Why two more weeks? Michelle Bachmann is under the full glare of the media after her straw poll victory. She’s got Rick Perry employing his 2010 primary playbook. Simply put, Bachmann, already polling worse and bleeding support more than others care to admit, will be in Cain territory in two weeks. At the same time, the Perry versus Romney war has begun and will be in full bloom in two weeks (and, frankly, more likely by this weekend). In two weeks, Bachmann will be pretty much out of it, and Perry will have a slight advantage over Romney, and an expected Palin endorsement of Perry coming to seal the deal, exactly how Perry’s team envisioned things when he entered the race.

There’s just one problem with that theory: I don’t think that’s Palin’s plan. Endorsing Perry is the safe play, perhaps the conventionally smart play. But, then I remember hearing somewhere a politician who doesn’t act like a typical politician note that “a ship in harbor is safe, but that’s not why the ship was built”. I think about how that person is anything but conventional. I think of that person often talking and writing about how she’d rather sleep well than eat well. And, I begin to realize that, whether by design or coincidence, what looks like a plan has come together:

While Rick Perry may have visions of 2010, I suspect that Palin has visions of 2006. Everyone knows the GOP primary was a three way race. You had Murkowski, the serious challenger in Bitney, and Palin, who was seen as an afterthought initially. Murkowski and Bitney exchanged blows. Palin avoided a lot of direct fire. Then came the “Alaskans deserve better” moment in the debate in which everyone realized that Palin had transcended both of them. Think about that. Then envision Palin versus Perry versus Romney. Put another way, imagine the 2010 Texas GOP primary IF Perry hadn’t gotten a Palin endorsement and IF Medina hadn’t imploded. Simply put, it would have been anyone’s game.

If you’re Perry, are you going to attack Palin if she enters the race? No, you don’t. First of all, he needs to focus on Romney. Second, his initial strategy would be to hope Palin fizzles quickly. Third, he’d view Palin as being the kingmaker at some point, even if it were at a brokered convention. Oh, he’d fire some shots across her bow, but it wouldn’t be a full blown attack.

Now, if you’re Romney, you’d like nothing better than to take Palin out immediately. The problem with that is twofold. One, if you take Palin out, you pretty much assure her supporters and her support goes to Perry. Maybe that’s inevitable, but the last thing you want is to be fighting BOTH Perry and Palin at the same time. Two, like Bitney with Murkowski, Perry is seen as the more direct threat to Romney’s base of support. So, even from Romney, Palin would avoid a lot of the direct fire, at least for a time.

Speaking of Bachmann, I suspect that Tim Pawlenty’s departure from the race led to another mini audible. I’m not suggesting that Palin wasn’t going herself to get Piper back to school. But, with Pawlenty in the race, you had a Pawlenty versus Bachmann undercard. Now, you don’t. What to do? Well, why not disappear again and let Bachmann deal with the withering scrutiny and Perry for two weeks?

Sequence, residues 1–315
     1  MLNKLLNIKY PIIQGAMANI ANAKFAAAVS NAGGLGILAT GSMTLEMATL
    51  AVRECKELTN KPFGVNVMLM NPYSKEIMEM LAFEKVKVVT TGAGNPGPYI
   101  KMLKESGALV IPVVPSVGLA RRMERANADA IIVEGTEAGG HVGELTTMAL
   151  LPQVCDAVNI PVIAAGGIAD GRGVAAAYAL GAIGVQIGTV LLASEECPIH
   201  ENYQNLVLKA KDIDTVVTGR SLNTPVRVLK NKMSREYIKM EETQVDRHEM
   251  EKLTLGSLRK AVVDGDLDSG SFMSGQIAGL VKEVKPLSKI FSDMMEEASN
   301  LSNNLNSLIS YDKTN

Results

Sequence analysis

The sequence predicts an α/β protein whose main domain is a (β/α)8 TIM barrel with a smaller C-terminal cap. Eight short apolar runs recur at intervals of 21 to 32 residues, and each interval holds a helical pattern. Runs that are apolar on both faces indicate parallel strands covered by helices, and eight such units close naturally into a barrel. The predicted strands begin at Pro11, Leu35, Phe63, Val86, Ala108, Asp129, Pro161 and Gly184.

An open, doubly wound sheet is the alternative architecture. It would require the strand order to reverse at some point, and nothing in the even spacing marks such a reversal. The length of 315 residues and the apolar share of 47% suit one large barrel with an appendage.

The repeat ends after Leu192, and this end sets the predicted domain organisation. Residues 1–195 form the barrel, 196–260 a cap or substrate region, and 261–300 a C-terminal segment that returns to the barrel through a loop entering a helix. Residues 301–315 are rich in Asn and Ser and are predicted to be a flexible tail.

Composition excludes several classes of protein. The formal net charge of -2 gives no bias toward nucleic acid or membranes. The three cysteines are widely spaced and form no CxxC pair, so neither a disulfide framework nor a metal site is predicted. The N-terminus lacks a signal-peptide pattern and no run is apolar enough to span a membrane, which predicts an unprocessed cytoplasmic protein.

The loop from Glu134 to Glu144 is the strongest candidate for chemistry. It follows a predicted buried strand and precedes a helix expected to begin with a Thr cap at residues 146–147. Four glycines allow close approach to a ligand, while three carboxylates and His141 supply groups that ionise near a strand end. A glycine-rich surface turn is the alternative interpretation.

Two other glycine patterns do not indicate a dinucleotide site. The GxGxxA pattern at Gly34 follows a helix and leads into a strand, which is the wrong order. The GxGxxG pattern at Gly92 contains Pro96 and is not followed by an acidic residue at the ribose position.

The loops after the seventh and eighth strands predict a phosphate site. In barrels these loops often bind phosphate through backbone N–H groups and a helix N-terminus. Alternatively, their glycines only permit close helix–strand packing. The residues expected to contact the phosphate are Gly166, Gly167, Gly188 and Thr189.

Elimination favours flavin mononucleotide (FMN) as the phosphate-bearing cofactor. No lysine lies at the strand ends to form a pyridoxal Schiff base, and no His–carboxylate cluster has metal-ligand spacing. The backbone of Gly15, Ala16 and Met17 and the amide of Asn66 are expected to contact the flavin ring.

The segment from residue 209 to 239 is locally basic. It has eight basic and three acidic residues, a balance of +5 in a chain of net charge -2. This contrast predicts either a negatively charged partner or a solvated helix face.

Think about it: At the end of the month, the GOP primary effectively will be Perry versus Romney. Oh, some people out there will be trying to build up Bachmann still, but she’ll be done because most of her support will be soft (perhaps it always has been soft anyway, but I digress). But, Palin won’t have to bother with her in the same way you had a Pawlenty versus Bachmann undercard. While she’ll have to ignore what I expect to be a lot of instigation from Bachmann, Palin simply will eclipse her in the end.

Then, what briefly had become a two horse race gets transformed back into a three horse race, where she’ll get her chance to transcend the two quote “serious” primary candidates, just like she did in 2006 in Alaska. What once would have been a Palin versus Romney one on one or a Palin versus Romney and Bachmann handicap match could at the end of the month be a three way race in which ABP forces are divided and thus more easily (relatively speaking) conquered IF Palin closes the sale with those primary voters who I suspect in the end will be hers to lose.

Anyway, that’s my epiphany du jour. Maybe there’s nothing to it. Or, maybe Sarah Palin really is “alley cat” smart.

P.S.: If you’re like me, the real fun lies in speculating about when and how Palin will announce. Some people cite Constitution Day, September 17, but I think that’s either too tight or too late in light of some of the current state filing requirements. Personally, I look to the dates of August 25 (the day McCain called her at the fair), August 27 (the day she flew to Arizona), August 29 (the day she was introduced as McCain’s pick), and September 3 (the day of her convention speech). I keep thinking about Palin’s DO OVER reference. Is it really that simple? She said she wouldn’t be a candidate on when she returns to Iowa, so she’ll announce on September 3. Then again, you’re only a candidate officially once paperwork is filed with the FEC (Perry only became an official candidate today). In that case, maybe she submits her resignation to Fox News on August 27 (a Saturday), leaving people to spend the weekend speculating what that means. Then, she makes a surprise announcement at the Alaska state fair in a call to Bob & Mark on August 29 and makes September 3 her first speech as an unofficial candidate. So many options, so many variables . . . it’s what makes trying to foresee what never has been done before fun.